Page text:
From Left to Right: Ajji cooking in her pictureque Kitchen, Gawlis who live in the open andleopards often come for the calves
Laughter comes easy to the people here – a lady was sitting outside her house washing the dinner utensils. Below was a path that skirted a corn field. When done, like always, she emptied the trough of dirty water into the field below where unknown to her a leopard was quietly walking his way. Whether he growled at her because the water was dirty is not known but on hearing the growl, the lady threw everything and ran into the house. The farmer who recounted this to me a few days later was laughing and so did I.
A common sight - of boys cutting sugarcane
Women planting onion oblivious of leopard sitting behind in sugarcane
It is not the landscape that is surreal. Most irrigated valleys in western Maharashtra are lush green, clothed with sugarcane and other cash crops. What shocks every visitor when I drive them into this valley is the fact that leopards live here as well. There are no wildlife sanctuaries for miles around, nor are there wild herbivores – only people and their domestic animals. I enjoy watching visitor's eyes widen in disbelief as I tell them that this is my field site where I have been studying the leopards for the last three years. Usually they try and argue back - maybe the leopards live on the adjoining hills? (even if they are bare) and only occasionally come here? Maybe they come only for water and food? After three years of work, it is easier for me to convince them because now I have proof.

It is not even that the local people do not come across the leopards. Man and animal use the same paths at night. The farmers have to go to their fields in the middle of the night to switch on the pumps to water their fields. Unlike cities, rural areas have power cuts for eight hours every day and many a time there is electricity only in the night. The leopards also use the landscape only in the night and come to houses to look for dogs and goats. Despite this overlap in time and space usage, no one has died due to leopard attacks in the valley.
Our collared leopard is sitting in the sugarcane
It was by chance that I stumbled on the Sangamner valley. Until then even I thought it strange that leopards could live in croplands, among people. But that was our collective mistake; of the urban mindset which understands little of rural India. Moreover, wildlife scientists, NGO's and wildlife camping organizations have reinforced this urban mindset that wildlife is found only in forests. Youngsters experience wildlife only inside forests and grow up to be conservationists and scientists believing that only forests can harbour wildlife. However, wild animals know no borders. In India, they cannot afford to because people and their livestock are everywhere.

It was when Dr Aniruddha Belsare and I were helping the Forest Department to microchip leopards back in 2004 that I realized there were so many leopards that were being trapped from the sugarcane areas.What was more interesting was that not a single one was trapped because it had attacked people, but they were caught because people, usually influential and/or rich, had put pressure on the Forest Department to remove them, believing that removing an animal will make the area "leopard free". Then, in keeping with our understanding (or lack thereof), these animals were translocated to forested areas. Our work in 2003 found that often, human attacks took place near these release sites and our biologically inappropriate interventions were worsening conflict. The reasons were covered at length in the Sanctuary issue (Feb 2009)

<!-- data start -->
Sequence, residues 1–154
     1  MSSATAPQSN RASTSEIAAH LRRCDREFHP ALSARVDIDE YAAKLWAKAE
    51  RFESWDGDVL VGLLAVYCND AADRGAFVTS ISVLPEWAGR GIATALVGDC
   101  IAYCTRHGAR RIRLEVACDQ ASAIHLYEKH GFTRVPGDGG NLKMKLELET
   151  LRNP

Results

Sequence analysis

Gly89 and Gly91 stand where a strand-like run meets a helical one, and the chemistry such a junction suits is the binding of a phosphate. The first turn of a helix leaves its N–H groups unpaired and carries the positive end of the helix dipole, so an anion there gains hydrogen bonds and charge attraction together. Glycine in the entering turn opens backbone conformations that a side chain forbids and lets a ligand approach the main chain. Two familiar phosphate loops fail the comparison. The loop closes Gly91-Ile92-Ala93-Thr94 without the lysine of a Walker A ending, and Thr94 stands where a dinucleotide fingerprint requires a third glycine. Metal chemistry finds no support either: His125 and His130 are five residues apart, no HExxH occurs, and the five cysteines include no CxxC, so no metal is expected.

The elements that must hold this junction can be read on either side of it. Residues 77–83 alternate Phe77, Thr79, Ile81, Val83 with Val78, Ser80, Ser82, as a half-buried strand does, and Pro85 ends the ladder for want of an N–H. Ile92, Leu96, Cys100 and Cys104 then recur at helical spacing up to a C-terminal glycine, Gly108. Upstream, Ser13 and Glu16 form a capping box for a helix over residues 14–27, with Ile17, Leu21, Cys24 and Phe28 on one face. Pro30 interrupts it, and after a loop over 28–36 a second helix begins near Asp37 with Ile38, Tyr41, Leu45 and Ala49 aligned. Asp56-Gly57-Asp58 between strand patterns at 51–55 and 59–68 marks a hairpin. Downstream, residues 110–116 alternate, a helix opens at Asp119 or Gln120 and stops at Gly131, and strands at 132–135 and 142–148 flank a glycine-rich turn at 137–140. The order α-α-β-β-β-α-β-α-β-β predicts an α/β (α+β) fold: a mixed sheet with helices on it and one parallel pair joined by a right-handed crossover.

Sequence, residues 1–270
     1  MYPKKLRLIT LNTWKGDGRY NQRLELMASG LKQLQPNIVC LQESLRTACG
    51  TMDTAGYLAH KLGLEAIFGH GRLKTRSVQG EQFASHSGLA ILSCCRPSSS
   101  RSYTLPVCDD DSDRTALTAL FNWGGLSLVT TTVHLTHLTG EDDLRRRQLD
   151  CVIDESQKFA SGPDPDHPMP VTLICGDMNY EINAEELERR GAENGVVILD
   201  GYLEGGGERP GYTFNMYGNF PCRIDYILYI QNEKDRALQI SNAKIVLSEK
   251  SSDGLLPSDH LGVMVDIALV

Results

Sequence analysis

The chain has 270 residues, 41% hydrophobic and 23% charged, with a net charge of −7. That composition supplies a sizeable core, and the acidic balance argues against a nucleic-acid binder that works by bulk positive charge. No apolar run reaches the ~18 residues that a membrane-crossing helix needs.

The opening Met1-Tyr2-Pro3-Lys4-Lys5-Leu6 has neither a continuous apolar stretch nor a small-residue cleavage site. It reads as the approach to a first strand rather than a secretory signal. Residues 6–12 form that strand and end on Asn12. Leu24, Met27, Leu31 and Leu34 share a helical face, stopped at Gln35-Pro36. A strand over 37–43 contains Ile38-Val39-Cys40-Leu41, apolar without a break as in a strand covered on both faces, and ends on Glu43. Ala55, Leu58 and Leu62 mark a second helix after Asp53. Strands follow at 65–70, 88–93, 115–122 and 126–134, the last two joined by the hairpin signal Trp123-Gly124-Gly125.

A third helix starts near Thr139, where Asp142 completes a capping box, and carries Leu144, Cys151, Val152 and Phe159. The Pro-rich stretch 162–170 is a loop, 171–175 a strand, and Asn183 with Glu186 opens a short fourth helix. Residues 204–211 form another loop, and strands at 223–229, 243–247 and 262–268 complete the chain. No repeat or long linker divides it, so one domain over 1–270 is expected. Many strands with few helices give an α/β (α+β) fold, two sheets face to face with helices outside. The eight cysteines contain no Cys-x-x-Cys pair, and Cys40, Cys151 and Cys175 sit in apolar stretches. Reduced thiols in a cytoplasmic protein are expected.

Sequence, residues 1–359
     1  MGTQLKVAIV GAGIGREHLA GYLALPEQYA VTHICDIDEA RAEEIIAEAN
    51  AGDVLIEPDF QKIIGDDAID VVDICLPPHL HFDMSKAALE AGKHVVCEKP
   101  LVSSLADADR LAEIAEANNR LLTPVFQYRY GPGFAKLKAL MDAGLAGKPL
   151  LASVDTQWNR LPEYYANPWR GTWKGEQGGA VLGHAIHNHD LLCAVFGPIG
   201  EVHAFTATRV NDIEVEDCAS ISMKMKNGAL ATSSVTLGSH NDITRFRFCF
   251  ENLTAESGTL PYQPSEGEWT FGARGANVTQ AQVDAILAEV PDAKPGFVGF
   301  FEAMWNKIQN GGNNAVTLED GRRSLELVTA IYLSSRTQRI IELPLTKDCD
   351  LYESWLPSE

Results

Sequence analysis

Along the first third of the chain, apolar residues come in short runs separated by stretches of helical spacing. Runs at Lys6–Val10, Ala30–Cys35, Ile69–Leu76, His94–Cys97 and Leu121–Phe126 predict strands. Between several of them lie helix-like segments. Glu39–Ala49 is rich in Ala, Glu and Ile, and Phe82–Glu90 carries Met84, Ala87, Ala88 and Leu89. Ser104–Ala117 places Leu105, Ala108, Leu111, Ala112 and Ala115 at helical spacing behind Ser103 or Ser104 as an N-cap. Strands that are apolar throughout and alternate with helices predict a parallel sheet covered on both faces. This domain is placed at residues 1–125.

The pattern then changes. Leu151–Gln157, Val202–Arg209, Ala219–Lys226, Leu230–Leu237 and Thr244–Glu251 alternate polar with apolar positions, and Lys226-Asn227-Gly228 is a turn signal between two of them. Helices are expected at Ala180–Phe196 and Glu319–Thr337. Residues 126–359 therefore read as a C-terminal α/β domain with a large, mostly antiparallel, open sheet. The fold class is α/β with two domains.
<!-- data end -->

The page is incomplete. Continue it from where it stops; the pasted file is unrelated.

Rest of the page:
In the winter of 2007, I obtained the Kaplan Graduate Award from Panthera and along with the interest, support and sometimes even goading by various officers in the Maharashtra Forest Department, I could start my work. The first job was to collect leopard scats. It was a challenge, I thought, to find scats in a landscape crisscrossed with paths; every field had four bunds and then there were main roads, village roads, dry streambeds etc. Searching for a needle in a sugarcane stack! In the end, the exercise did turn out to be fruitful. Our two teams would walk about 10 km each day under the hot Deccan sun and by 2 or 3 pm, our tempers were running high and we were really tired. If then we were asked by the inquisitive local people what we were doing, imagination soared high and our answers ranged from "collecting leopard scats to sell in China because they would extract gold" to keeping quiet when people thought our male team were saree vendors because of the backpack full of leopard scats! We found scats everywhere – on mud roads, in the sugarcane bunds and in the dry streambeds. Many of the scats had dog hair, and the interesting finds were domestic cat claws in leopard feces, and a few bandicoot and mongoose and civet.
Top: Kakas at a cattle fair,Bottom: People's path where we also set up camera traps,
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